"Is Brad Larsen the coach to lead and develop what is most likely going to be one of most talented prospect pools in the league?"
I like this question. Obviously, I’m not around the locker room or any of the players/coaches, so this is an outsider’s perspective. But, I think it’s important to look at the track results so far, and if we do that, I honestly think we’re starting to see some positive returns. Remember: everyone develops at different paces. The team has been a lot better lately, and part of that is improvement in the younger players on the roster.
Adam Boqvist has been on an absolute bender lately. Kirill Marchenko worked to earn top line minutes and Lars fed them to him. Kent Johnson has shown consistent improvement throughout the year. Obviously, Cole Sillinger has been struggling to find offense, but overall his game hasn’t really been that bad (more on that below). My opinion on Brad’s handling of the younger players is: that’s one thing he actually seems to get.
We can talk about his actual coaching (systems, ability to inspire, etc) … I do think there are some question marks there. But, I think the reason he was given the job ahead of Brad Shaw or any of the other candidates, is his softer touch and overall patience. Which are qualities you want in a coach of a young team.
Now, all of that said, I do think he was hired to fail. As odd as that sounds, we’ve talked about this plenty: the best way to get a good team, is to be bad for a few years. I think management knew that Lars, being a rookie coach in the NHL, with a young, rebuilding team, was going to struggle. The injuries we talked about on the last page have probably bought him another year, and I think that’s fine. Let’s see what he can do when more of the roster is turned over to youth next fall, then make a final decision. Maybe he’ll surprise us.
Thomas Rothwell asks a question that we can tie in with the above discussion:
"I think there are a few players who have underperformed compared to expectations. I’d say Elvis, Sillinger, Chinakov, and in some ways Laine are the most concerning. Panic meter on these guys? Reason to think they can rebound next season?"
From this list, the only player I’m worried about here is Elvis Merzlikins. With that said, he’s been a lot better of late, so hopefully his play has turned a corner and we can put his dreadful year behind us. Mental strength can be everything in goaltending, and he may come out of this situation better prepared for tough moments. That’s what we have to hope for, anyway.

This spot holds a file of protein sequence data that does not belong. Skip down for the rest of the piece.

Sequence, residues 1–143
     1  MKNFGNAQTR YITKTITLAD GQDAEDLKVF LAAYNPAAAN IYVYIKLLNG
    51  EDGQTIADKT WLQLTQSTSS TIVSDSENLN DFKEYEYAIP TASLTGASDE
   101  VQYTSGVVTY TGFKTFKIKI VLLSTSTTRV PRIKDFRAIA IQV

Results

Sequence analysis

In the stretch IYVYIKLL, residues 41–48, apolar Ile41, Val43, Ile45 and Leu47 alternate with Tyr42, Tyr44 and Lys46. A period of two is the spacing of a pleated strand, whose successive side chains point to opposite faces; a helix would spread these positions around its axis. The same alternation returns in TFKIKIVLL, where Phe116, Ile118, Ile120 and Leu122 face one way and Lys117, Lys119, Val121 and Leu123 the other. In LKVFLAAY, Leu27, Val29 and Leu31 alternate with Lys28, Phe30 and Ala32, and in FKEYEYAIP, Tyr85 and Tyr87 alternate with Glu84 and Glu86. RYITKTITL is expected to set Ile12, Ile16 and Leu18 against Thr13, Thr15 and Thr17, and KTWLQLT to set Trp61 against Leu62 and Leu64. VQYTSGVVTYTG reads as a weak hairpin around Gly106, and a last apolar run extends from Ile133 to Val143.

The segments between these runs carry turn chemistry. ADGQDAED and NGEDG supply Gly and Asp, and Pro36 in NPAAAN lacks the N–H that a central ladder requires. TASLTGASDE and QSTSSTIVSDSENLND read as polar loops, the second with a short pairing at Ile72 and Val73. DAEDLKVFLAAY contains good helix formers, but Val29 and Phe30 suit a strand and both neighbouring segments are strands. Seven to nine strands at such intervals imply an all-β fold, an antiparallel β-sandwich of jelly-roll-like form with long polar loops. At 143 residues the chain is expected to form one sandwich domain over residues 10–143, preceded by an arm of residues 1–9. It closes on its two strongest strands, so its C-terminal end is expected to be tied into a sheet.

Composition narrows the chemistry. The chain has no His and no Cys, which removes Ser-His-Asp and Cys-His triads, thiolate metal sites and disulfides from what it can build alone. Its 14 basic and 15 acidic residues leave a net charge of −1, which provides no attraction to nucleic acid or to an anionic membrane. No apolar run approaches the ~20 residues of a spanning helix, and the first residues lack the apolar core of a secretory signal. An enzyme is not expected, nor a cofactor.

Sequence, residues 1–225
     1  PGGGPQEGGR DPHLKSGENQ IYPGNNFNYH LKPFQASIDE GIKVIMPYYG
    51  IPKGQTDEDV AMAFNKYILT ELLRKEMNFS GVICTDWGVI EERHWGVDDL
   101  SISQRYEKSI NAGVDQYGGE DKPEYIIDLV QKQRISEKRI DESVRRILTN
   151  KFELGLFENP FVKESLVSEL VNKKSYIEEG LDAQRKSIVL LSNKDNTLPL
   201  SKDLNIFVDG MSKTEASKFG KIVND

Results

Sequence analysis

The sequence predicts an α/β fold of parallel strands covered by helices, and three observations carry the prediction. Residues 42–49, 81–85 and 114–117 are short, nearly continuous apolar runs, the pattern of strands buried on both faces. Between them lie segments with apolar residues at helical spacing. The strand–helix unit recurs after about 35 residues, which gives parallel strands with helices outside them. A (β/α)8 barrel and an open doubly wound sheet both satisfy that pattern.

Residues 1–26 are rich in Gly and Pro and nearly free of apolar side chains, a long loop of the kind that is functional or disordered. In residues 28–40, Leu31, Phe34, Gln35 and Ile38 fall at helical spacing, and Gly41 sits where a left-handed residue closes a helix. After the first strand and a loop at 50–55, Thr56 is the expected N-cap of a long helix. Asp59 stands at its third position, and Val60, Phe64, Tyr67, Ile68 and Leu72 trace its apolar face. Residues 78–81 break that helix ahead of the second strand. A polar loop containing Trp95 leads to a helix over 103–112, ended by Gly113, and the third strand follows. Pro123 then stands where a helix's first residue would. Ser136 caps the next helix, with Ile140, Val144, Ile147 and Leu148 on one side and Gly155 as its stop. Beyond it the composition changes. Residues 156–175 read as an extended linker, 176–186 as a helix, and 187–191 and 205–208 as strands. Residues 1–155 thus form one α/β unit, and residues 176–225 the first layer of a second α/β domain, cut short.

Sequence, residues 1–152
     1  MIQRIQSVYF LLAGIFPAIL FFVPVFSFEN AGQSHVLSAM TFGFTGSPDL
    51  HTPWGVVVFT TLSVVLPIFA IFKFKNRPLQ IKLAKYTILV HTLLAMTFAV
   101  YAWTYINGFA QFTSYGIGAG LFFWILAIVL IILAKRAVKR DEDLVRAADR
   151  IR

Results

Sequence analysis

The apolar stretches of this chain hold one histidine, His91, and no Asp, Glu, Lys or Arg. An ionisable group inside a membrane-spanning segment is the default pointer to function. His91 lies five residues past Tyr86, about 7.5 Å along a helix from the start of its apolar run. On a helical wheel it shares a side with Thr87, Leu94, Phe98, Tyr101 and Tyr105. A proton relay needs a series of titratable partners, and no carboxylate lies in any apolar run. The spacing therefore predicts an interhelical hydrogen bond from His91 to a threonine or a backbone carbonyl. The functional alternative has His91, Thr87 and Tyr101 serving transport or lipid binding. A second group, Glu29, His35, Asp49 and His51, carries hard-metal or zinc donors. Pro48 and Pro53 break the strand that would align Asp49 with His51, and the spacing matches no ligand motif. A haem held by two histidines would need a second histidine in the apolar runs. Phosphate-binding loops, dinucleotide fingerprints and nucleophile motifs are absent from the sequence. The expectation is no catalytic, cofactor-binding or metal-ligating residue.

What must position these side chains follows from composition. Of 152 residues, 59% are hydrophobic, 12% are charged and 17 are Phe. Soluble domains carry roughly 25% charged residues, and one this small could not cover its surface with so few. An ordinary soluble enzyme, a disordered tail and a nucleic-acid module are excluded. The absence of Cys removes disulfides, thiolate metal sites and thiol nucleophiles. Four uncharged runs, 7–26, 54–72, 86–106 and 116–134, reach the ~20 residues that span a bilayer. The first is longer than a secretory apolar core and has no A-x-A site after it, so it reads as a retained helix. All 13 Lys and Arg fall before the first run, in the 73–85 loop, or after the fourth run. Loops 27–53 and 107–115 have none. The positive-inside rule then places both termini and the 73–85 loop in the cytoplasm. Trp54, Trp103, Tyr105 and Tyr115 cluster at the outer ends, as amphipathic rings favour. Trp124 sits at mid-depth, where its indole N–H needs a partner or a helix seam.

As I talked about briefly above, if you look at Sillinger’s numbers this season, it’s been a brutal year. But, if you’ve followed the games closely, the one thing that stands out to me is that he just keeps working. Yes, it’s obvious that his offensive confidence isn’t there; but it hasn’t slowed his effort on the puck or his play in the defensive zone. Lately, he’s been getting some more looks since being paired up with Kent Johnson, and I think it’s only going to take one goal to really set him off.
Through 30 games this season, Yegor Chinakhov was just one point off of his points total from last year – set in 62 games. More importantly, his plus/minus went from -27 last year, to a reasonable -6 this year. He’s fine, and I honestly thought he looked like the most dangerous offensive threat in a lot of his games this year, he was all over the ice on both sides of the puck.
The only thing I can say to the negative, is that he needs to use that shot more often – it’s a top-10 wrist shot in this league right now. The coaching staff has to put him into situations where he can get open, because the more he shoots, the more he’s going to score. He had 44 shots on goal through those 30 games … I’d like to see that up closer to 60. I would be willing to bet he would have 20 goals by now, if he’d stayed healthy and shot the puck more often.
As for Laine, let’s tie that into this next question and I’ll answer you both…